The widespread corruption of the state apparatus and the failure to resolve the ethnic conflicts that had troubled Georgia since its independence (1991), reappeared in all their gravity at the beginning of the 2000s, albeit in a political context strongly inclined to change. In fact, among the younger exponents of the ruling elite, educated in Europe and in the United States, a growing intolerance towards traditional methods of government and the men who were an expression of them – first of all President E. Ševardnadze (in position since 1992) – considered responsible for the lack of modernization of the country as well as for its lack of relevance at the international level.
The political clash, which therefore also assumed the connotations of a generational clash, began to manifest itself at the institutional level during 2001, when the Minister of Justice M. Saakašvili decided to resign his resignation (September), criticizing the lack of commitment of the government in fight against corruption. His complaints, added to the protests expressed by various parties for the interference of the executive in the media, fueled a growing opposition that gave rise to repeated street demonstrations. The stiffening of the executive only exacerbated the spirits, also causing the shattering of the majority party, the Union of citizens of Georgia, from which new political formations led by reformist leaders were born: Saakašvili, spokesman for the new Georgian nationalism,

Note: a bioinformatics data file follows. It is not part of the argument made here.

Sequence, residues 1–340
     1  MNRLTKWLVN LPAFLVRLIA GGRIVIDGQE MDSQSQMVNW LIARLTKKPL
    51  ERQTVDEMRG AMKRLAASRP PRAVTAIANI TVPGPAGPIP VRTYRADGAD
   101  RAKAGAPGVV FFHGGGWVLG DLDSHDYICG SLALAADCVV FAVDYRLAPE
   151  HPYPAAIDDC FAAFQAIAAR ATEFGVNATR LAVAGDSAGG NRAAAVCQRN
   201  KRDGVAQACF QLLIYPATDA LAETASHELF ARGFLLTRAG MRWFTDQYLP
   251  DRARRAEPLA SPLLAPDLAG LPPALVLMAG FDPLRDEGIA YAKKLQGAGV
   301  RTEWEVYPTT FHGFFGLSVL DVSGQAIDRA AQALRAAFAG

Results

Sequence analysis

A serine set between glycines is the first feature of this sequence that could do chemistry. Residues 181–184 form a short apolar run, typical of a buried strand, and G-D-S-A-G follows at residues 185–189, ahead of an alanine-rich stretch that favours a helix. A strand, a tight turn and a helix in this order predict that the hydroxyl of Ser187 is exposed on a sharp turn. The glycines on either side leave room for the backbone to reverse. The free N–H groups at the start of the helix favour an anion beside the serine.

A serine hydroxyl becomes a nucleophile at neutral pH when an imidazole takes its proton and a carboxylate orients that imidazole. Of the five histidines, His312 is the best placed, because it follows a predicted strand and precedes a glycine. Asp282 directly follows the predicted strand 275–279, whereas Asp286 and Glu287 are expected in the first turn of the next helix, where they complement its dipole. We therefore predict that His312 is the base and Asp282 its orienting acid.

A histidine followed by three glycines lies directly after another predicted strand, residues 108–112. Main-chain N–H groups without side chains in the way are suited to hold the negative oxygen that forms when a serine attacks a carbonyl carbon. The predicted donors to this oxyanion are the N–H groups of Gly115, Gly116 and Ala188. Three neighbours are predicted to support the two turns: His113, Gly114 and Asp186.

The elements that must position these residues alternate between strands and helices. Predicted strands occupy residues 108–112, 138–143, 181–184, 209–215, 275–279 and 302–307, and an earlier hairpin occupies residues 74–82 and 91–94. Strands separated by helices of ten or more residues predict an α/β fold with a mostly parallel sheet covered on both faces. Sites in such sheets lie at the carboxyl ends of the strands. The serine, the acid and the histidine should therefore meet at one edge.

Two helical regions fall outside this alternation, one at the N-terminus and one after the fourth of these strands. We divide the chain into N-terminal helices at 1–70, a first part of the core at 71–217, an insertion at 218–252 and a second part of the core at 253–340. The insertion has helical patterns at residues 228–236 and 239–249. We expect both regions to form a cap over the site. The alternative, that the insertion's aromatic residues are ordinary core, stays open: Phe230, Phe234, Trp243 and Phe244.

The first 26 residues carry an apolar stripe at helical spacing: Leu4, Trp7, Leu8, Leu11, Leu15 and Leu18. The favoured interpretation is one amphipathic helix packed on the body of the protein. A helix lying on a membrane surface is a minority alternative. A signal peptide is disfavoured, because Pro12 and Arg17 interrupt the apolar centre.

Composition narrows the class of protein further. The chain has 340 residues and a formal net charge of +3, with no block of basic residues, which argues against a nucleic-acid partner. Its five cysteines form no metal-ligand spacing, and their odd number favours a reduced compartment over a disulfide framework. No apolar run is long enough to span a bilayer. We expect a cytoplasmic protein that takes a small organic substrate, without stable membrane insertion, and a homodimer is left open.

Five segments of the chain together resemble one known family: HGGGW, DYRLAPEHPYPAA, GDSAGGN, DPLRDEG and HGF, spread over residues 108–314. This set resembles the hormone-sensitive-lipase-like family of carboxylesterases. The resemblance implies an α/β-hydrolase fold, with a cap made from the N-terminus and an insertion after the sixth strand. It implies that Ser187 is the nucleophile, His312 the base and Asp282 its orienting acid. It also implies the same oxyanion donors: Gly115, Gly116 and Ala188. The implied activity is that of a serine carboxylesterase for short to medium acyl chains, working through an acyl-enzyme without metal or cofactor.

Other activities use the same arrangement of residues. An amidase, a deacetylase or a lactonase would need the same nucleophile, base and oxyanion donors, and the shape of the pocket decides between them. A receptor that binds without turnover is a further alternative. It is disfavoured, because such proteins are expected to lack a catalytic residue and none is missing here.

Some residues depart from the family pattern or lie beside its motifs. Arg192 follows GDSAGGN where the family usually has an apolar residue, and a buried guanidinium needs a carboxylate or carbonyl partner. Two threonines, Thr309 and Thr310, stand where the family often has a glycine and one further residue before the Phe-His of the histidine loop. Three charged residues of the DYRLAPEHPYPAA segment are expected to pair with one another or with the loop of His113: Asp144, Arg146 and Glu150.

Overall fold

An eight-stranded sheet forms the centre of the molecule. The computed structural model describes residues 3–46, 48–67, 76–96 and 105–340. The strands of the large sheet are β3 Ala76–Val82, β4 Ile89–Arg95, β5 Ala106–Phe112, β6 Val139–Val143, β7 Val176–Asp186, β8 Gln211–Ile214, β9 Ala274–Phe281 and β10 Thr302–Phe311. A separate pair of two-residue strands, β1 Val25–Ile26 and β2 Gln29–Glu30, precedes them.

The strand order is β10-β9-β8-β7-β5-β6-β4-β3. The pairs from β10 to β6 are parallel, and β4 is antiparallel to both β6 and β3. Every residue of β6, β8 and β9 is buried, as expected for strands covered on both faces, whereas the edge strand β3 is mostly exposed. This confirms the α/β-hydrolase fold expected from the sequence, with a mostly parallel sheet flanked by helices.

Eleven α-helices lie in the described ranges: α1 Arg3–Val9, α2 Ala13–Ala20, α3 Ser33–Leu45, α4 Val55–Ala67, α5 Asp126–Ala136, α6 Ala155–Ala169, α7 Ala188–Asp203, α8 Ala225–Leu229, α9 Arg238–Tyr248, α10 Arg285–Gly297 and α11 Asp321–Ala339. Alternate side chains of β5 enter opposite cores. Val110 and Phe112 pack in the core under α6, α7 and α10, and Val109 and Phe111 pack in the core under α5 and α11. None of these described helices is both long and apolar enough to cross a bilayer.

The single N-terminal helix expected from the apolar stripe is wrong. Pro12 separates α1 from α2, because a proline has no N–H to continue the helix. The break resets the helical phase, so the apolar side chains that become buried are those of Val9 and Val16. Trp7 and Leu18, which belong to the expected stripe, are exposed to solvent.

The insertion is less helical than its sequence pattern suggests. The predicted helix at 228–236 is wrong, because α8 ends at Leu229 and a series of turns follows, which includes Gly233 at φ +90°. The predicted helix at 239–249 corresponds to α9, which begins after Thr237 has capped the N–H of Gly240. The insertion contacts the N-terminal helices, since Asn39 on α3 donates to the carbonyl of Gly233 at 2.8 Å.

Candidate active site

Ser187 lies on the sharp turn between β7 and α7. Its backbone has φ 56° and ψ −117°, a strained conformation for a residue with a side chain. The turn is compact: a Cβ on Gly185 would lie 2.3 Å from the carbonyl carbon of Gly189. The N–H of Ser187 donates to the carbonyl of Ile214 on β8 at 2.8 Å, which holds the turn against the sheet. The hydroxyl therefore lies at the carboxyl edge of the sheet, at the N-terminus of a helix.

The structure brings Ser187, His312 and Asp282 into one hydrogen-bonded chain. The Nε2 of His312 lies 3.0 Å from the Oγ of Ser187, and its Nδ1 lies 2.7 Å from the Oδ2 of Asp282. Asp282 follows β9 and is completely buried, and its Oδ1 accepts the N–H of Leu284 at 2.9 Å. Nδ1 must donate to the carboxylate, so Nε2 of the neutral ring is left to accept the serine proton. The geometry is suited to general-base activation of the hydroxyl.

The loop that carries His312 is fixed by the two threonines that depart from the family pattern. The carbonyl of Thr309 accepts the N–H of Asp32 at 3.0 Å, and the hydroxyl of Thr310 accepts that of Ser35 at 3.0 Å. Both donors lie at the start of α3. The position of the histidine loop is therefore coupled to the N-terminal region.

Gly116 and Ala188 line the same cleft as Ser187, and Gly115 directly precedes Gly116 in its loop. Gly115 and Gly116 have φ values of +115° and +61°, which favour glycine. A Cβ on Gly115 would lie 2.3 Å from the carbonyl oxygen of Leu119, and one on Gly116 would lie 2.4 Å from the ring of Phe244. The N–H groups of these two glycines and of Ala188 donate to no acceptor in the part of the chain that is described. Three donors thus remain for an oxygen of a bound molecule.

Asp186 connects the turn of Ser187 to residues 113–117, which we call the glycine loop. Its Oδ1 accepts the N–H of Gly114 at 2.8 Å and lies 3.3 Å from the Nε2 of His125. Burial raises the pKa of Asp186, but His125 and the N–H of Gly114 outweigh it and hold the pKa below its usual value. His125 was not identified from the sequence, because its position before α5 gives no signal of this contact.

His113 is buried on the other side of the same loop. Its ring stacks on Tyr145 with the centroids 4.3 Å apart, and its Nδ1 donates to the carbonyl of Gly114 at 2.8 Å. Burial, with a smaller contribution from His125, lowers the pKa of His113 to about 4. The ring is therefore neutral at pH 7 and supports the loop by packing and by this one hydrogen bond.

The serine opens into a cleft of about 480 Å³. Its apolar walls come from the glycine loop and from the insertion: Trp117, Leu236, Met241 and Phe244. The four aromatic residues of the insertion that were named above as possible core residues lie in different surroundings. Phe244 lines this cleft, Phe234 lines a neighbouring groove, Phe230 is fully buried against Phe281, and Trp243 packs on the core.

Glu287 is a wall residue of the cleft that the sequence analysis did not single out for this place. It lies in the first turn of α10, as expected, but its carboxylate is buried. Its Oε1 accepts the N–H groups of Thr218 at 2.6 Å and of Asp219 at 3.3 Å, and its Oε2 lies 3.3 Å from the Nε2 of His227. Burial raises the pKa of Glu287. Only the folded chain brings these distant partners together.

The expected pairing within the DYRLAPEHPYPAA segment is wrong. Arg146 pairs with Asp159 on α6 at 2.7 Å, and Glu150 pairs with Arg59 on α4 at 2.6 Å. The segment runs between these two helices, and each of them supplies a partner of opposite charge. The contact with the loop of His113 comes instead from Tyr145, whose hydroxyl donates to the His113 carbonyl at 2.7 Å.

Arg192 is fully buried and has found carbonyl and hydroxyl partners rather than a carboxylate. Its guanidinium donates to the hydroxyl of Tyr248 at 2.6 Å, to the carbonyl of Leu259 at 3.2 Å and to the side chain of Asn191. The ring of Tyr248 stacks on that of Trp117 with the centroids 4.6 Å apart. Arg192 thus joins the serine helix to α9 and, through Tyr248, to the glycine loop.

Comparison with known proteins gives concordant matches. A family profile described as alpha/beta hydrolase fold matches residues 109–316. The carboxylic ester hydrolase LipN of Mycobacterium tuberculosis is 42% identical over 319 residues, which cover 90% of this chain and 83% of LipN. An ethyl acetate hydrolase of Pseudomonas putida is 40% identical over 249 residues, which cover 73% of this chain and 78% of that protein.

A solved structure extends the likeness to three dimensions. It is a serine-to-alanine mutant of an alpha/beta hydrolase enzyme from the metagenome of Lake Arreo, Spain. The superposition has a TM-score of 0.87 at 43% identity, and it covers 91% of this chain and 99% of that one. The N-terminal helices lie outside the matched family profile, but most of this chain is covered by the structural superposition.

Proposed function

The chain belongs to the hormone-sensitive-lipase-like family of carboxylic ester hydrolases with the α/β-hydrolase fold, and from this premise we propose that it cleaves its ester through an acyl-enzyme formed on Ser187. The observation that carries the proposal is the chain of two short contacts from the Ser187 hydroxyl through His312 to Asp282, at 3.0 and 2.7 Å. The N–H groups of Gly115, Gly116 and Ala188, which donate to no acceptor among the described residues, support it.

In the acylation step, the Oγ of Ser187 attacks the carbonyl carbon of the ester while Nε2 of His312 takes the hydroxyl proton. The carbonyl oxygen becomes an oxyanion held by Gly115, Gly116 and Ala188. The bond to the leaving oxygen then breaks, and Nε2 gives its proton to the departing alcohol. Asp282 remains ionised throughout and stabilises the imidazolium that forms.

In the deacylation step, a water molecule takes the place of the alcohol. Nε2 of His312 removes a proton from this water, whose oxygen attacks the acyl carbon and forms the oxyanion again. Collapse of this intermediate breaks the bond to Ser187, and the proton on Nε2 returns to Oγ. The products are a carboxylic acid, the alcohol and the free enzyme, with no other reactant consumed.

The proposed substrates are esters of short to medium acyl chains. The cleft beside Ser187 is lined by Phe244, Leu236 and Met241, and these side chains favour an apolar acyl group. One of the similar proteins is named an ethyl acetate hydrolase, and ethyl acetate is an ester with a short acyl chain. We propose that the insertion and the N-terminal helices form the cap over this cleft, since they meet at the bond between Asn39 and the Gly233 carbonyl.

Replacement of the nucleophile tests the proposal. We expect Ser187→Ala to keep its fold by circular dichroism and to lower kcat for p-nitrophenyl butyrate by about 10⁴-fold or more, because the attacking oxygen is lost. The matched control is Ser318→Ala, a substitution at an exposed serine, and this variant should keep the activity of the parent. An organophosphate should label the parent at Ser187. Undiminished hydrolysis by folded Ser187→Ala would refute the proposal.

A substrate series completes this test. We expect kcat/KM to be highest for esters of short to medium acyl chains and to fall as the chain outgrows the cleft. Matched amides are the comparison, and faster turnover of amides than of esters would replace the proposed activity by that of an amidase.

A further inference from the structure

In the following months the situation remained critical: the mobilization of civil society by the new parties and various opinion movements intensified – among which the one called Kmara (Basta), to which the student committees adhered, played a particularly active role – and the request for early elections and precise guarantees on the correctness of their conduct was repeatedly made. It was precisely the fraud carried out on the occasion of the elections, held in November 2003, that precipitated the situation. Believing that the victory of the pro-presidential parties, gathered in the For New Georgia block, was illegitimate, the opposition forces took thousands of demonstrators to the streets of the capital, who peacefully invaded Parliament, forcing Ševardnadze to flee. The latter, for its part, determined to avert a new civil war, he resigned, and power was assumed interim by Mrs. N. Burdžanadze. With the results of the legislative consultations canceled, new general elections were called. The presidential elections, held in January 2004, were won by a very large majority by Saakašvili (96.9% of the votes) who, assuming power, introduced (February) constitutional changes aimed, among other things, at setting 7% of the votes quorum necessary for parties to be able to enter Parliament, and to re-establish the role of prime minister (position assumed in February by Žvania and after his death in February 2005 by Z. Nogaideli). The subsequent legislative elections (March 2004) gave the victory to the coalition that had supported the newly elected president (formed by the National Movement and the United Democrats), who with 67.3% of the votes won 135 of the 150 seats up for grabs. The only other party that broke the 7% barrier was the New Right (7.5%), which were given the remaining seats. The new administration placed among its priorities the fight against corruption and the re-establishment of central authority throughout the territory, in view of the more ambitious project of assigning the country a leading role in the Caspian-Caucasian area, with the consequent reduction of Russian influence. In particular, Saakashvili aimed to bring the secessionist regions back under the control of the state, namely Agiaristan, the South Ossetia and Abkhazia, unilaterally proclaimed themselves independent, thus regaining control over their economic, customs and fiscal resources. While in the case of Agiaristan the president was able to achieve this goal relatively easily, without the use of weapons, in South Ossetia and Abkhazia the centralizing aims of the government met with firm resistance, and armed clashes reignited. In an attempt to promote dialogue, in January 2005 Saakašvili presented new proposals to guarantee the autonomy of the two regions, while restoring central authority. In foreign policy, Georgia accentuated in recent years the orientation favorable to the West, and in particular to the United States, entering into conflict with Moscow, reluctant to give up control of a crucial area for the passage of oil pipelines. In April 2005, the government reached an agreement with the Kremlin on the closure of the last two Russian military bases on the territory, which was established should take place by 2008.